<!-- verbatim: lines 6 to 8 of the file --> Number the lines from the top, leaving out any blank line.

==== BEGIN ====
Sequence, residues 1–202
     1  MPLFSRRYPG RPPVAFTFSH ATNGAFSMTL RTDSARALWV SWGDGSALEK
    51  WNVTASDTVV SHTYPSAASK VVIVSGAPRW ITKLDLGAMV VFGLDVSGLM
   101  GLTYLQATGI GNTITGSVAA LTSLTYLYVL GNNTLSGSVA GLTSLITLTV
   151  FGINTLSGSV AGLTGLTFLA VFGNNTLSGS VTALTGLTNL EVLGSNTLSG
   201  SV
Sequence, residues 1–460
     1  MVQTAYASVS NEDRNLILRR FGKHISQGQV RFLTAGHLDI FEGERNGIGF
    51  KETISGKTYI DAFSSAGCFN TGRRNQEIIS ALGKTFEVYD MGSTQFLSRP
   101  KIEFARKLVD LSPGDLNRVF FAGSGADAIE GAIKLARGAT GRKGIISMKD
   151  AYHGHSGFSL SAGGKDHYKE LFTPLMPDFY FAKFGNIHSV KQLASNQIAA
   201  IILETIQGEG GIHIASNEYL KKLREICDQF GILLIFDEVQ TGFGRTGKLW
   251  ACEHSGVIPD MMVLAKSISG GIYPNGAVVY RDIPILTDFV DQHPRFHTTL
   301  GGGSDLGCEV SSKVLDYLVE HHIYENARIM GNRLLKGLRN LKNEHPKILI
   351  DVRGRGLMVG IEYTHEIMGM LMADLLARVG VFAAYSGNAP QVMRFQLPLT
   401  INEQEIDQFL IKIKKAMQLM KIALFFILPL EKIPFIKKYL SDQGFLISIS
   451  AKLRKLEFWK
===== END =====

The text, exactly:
   201  SV
Sequence, residues 1–460
     1  MVQTAYASVS NEDRNLILRR FGKHISQGQV RFLTAGHLDI FEGERNGIGF